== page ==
Would not advocate a book, necessarily, though I agree it's up to the victim to determine what is a healing venture. Agree that consulting family members is a considerate step but no telling what one will hear, the conflicting motives and advice giving.

There is the financial aspect of the book, and we know how sexual assault contributes toward substance abuse, which contributes toward ruined lives. So she decides to capitalize on his fame, which he was able to hide behind, to some degree, no doubt. And thereby make some money off of the years of emotional and physical trauma he caused. One can see a small amount of justice in that.

But I mainly wanted to say that just because the perpetrator is deceased is not, defacto, a reason to let secrets lie. There may be other victims. Generations of victims. Ongoing victims. Telling the story can often empower other victims to speak up and get help and sometimes to prevent future victims.

Ella said...

I think the story has to be told, one way or another. She picked this way.

17 in the 1970s? Already a woman? You think you are grown up, you are the seducer, you are choosing this. But it is never OK for the grownup to do this to you, your father or someone else.

A Hollywood celebrity can tell the story and go on Oprah, get some attention on this issue, CSA. Because the regular people who live through it won't get a sweet book deal.

Battle Weary said...

Once the perpetrator has died, the victim may finally feel safe enough to tell the secrets.

Michael Finley said...

I read some also. I noticed she said this is the first time she remembers.

I wrote first that the victim does not have to consider anyone but themselves. They I realized that is abdication responsibility in effect excluding the victim from making decisions.

April_optimist said...

If victims do not tell or are attacked for doing so then other abusers may feel safe to keep abusing knowing their reputations will be safe and that if the victims do tell, they will be attacked for making it public.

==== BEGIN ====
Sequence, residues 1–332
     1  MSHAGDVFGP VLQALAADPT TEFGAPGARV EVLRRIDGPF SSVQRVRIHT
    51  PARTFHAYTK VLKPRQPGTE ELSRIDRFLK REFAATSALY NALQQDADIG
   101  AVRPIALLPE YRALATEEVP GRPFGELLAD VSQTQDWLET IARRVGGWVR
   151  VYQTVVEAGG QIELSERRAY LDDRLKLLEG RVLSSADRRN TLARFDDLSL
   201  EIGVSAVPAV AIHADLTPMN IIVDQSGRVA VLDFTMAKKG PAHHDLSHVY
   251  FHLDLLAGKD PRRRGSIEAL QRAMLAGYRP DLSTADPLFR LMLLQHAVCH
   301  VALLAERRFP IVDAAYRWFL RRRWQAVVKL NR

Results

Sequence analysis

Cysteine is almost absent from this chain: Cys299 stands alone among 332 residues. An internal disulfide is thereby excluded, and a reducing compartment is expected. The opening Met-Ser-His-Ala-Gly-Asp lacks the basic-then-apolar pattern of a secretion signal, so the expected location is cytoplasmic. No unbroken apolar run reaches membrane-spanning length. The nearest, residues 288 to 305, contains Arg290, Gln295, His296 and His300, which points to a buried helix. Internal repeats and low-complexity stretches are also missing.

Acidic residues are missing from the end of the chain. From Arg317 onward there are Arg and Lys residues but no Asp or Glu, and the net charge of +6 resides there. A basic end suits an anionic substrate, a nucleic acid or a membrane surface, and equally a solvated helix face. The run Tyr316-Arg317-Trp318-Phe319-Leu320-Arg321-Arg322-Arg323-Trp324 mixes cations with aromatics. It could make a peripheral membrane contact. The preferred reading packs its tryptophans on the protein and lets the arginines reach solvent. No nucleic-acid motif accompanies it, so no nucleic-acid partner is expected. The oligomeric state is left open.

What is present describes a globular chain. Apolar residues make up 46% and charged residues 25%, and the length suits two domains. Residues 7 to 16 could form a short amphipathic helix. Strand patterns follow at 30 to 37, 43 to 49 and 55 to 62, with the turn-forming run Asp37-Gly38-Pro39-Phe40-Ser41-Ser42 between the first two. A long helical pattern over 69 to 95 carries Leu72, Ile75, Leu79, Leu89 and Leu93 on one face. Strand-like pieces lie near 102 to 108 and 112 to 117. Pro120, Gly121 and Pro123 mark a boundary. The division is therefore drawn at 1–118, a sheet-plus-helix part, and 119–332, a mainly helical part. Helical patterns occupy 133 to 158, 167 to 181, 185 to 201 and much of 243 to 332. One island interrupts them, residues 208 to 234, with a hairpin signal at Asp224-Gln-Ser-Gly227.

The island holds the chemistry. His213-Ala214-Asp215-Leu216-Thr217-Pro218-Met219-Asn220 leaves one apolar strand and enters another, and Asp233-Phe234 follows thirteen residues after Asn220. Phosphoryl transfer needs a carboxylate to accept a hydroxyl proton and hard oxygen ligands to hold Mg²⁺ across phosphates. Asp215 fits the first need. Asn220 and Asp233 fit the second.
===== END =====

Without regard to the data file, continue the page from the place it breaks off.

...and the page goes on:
Those adults who knew and took no action minimized what was happening. People need to understand the devastation that incest causes.

Ms. Finch said...

I mean, if you want to tell your family, then by all means do so. But publishing a book? How is that necessary to heal? Are non-famous incest survivors doomed to a life of pain because no publisher will pick up their stories?

Saying an accused abuser has no right to defend himself assumes he is guilty. Maybe he didn't do it. Or maybe it was consensual all along.

It seems a bit unseemly to publish a book and then go on Oprah right when the book is about to drop to disclose this awful secret. As TherapyDoc said, it could be all lies, and now this guy can't respond to these very serious and public accusations. I'm not calling her a liar--it could just as easily be true, but the whole profitting from incest is just as icky as incest itself.

sfordinarygirl said...

Writing is a very therapeutic and sometimes people heal best when they can articulate their thoughts. At least I think getting those words out and identifying the issues can free the soul from pain.

Her timing seems awful and a bit spiteful. I wonder if she had considered her actions and thought what would her dad if he were alive would think. It seems almost un-mindful - her actions.

My dad for years wouldn't let my sisters or myself tell anyone outside or inside such as my aunt (mom's side) or gma (dad's side) about the domestic violence or the negative environment we were living at home. For 20 some years, I kept it to myself, sometimes writing it in a journal or a blog online, but going to therapy helped in some way free the pain.

Secrets kept by the person holding them can be mentally stressful and painful long term. My dad has for 10+ years kept his extramarital affair a secret. My sisters and I have known - seen publicly my dad with this other woman. Long term what does keeping this secret say to your kids? Does it mean this behavior is acceptable? How long before this secret comes out and hurts the family? My parents are finalizing their divorce so it probably doesn't matter much.

therapydoc said...